Britney brought discussions on mental health into the public sphere with her heavily publicised spiral in 2007. Framing Britney Spears exposes the tabloid press era and the role of the paparazzi in this spiral, who are characterised by a vulture-like fascination with famous figures, picking apart intimate moments and tearing at the wounds hidden within private life. Figures such as Perez Hilton, who has since issued both a public and private apology to Britney, were at the centre of this harmful culture, building a business on the business of others. Yet whilst Britney’s life in the spotlight has been marred by the obsessive invasion of her life by cameras, she has continually connected with fans that had experienced their own battles with mental health. Thankfully since 2008 the tools we have to discuss mental health in the public sphere have grown rapidly, and awareness of the fatal impact of the tabloid press has dimmed their influence over public media consumption. Despite this, Britney’s downward spiral demands a public reckoning over our complicity in this style of reporting.

The Framing Britney Spears documentary was, at times, harrowing to watch. As viewers, it was difficult to extrapolate ourselves from the harm caused by the tabloid press and the way we consume celebrity media. We have a responsibility to interrogate how news stories have been sourced and what impact they have on the subject. Despite this, what emerged from the documentary was the positive way in which Instagram can be utilised. Much speculation surrounds her account, but Britney has managed to connect to fans through cryptic posts that suggest her true feelings about the conservatorship, which restricts what she speaks about publicly. In a recent post, Britney addresses these concerns by saying “I know a lot of you have been talking about me and are concerned about me but I’m the happiest I’ve been in my life”. Fans have sought deeper meaning from this post by analysing her tired facial expression and insincere tone as proof that she was not the orchestrator of the post, with one user citing a look to the right as proof. Whilst we cannot say conclusively whether these speculations hold any truth, it is through interactions like this that the #FreeBritney Movement was conceptualised and brought to the public via social media.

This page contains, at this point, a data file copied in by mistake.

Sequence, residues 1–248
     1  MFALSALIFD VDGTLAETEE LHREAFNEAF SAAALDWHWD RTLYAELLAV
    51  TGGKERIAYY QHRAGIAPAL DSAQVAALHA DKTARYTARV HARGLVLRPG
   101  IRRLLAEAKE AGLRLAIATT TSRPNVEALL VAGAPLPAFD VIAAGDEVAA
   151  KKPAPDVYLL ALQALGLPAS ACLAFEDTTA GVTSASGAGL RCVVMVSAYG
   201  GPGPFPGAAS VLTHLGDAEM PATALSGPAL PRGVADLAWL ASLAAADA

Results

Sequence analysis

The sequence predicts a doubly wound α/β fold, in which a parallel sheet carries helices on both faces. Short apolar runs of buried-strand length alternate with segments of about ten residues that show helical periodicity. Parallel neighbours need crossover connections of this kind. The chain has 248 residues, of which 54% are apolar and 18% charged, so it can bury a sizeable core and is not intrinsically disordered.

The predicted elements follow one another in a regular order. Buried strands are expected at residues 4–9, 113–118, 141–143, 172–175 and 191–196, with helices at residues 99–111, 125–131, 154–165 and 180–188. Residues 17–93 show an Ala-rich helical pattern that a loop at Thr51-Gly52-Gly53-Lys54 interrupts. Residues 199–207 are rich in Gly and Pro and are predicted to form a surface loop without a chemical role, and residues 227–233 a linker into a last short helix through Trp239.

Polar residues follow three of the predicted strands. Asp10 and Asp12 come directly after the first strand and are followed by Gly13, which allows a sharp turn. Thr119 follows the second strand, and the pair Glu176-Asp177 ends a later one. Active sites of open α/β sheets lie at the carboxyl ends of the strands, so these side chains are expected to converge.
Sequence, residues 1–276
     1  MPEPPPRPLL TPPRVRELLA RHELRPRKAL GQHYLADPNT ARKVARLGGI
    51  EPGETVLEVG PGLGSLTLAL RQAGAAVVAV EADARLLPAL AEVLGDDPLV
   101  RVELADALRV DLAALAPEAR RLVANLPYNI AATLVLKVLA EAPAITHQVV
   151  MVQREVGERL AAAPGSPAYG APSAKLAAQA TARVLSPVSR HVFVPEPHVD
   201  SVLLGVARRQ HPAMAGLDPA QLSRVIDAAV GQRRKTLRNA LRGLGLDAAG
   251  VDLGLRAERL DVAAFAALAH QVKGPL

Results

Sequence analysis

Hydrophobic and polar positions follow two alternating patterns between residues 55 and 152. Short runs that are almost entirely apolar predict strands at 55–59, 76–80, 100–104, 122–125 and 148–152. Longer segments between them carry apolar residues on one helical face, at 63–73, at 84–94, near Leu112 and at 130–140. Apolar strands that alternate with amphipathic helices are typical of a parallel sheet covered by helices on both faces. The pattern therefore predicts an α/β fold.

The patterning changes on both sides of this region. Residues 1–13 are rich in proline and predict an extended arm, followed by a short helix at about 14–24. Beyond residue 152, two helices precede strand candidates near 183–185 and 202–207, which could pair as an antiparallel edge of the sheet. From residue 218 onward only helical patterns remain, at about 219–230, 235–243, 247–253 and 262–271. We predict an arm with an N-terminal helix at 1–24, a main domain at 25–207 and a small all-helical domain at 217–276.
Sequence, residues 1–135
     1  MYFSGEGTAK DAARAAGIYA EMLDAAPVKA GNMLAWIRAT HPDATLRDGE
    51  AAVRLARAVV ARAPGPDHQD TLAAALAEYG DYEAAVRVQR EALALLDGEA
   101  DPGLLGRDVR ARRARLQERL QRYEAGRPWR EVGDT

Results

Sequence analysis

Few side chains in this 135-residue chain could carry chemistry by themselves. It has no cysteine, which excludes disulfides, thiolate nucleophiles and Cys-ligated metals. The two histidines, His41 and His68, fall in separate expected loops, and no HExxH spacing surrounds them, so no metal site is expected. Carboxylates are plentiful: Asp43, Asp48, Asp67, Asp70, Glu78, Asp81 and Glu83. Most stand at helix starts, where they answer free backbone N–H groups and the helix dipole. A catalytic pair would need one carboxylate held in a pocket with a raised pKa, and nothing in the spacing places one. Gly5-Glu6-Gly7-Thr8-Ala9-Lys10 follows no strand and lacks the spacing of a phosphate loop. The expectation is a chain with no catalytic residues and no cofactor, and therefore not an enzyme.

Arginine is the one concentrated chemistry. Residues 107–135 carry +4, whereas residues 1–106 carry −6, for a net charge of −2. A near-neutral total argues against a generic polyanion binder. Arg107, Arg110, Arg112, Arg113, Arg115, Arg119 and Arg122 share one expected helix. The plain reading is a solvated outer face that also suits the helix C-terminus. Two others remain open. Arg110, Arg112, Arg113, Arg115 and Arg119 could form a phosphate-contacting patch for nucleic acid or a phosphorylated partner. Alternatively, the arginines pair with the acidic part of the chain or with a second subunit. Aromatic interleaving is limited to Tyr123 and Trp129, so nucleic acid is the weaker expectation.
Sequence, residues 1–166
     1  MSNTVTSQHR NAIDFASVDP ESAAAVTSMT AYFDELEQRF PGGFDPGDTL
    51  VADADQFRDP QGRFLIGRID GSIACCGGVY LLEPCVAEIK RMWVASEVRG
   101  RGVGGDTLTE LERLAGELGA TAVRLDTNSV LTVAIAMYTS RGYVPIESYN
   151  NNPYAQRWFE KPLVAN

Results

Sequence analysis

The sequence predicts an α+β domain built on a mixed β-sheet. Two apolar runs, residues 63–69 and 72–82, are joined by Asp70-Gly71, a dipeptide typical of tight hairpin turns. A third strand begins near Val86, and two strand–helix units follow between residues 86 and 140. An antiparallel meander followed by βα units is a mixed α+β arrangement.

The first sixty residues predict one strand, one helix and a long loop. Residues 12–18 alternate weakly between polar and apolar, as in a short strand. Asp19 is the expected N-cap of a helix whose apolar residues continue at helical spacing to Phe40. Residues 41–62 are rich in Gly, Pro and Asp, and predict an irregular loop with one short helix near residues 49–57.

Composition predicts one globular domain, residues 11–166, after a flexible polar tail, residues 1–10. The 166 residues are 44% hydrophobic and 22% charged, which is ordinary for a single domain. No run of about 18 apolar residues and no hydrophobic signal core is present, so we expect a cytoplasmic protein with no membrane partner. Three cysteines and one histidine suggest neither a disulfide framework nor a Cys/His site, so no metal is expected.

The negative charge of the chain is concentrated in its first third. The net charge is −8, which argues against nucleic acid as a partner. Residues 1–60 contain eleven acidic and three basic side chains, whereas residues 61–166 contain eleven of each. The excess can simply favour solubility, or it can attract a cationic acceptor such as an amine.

The #FreeBritney Movement exists within a wider debate about the treatment of women in the media. The movement has garnered support from a range of celebrities, including Rose McGowan and Jameela Jamil, two women who have been outspoken about the harmful role the media plays in demonising women. Under a post a group of stories labelled ‘gaslighting’, Jameela Jamil writes, “We forgive men more easily and set the bar higher for their cancellable mistakes because we see them as irreplaceable. But women are seen as more disposable”. This dynamic can be recognised time and time again in high profile cases such as Jade Goody and the tragic death of Caroline Flack. Britney holds a particular fascination as the girl next door that fell from grace. The media’s fascination with Britney’s virginity, and her subsequent demonisation when she admitted publicly that she had slept with Justin Timberlake, is a prime example of the way media prescribes limited roles as either pure virgin or sexual deviant. If we can learn anything from this situation, it is that when people are put on a pedestal it ultimately spells their downfall.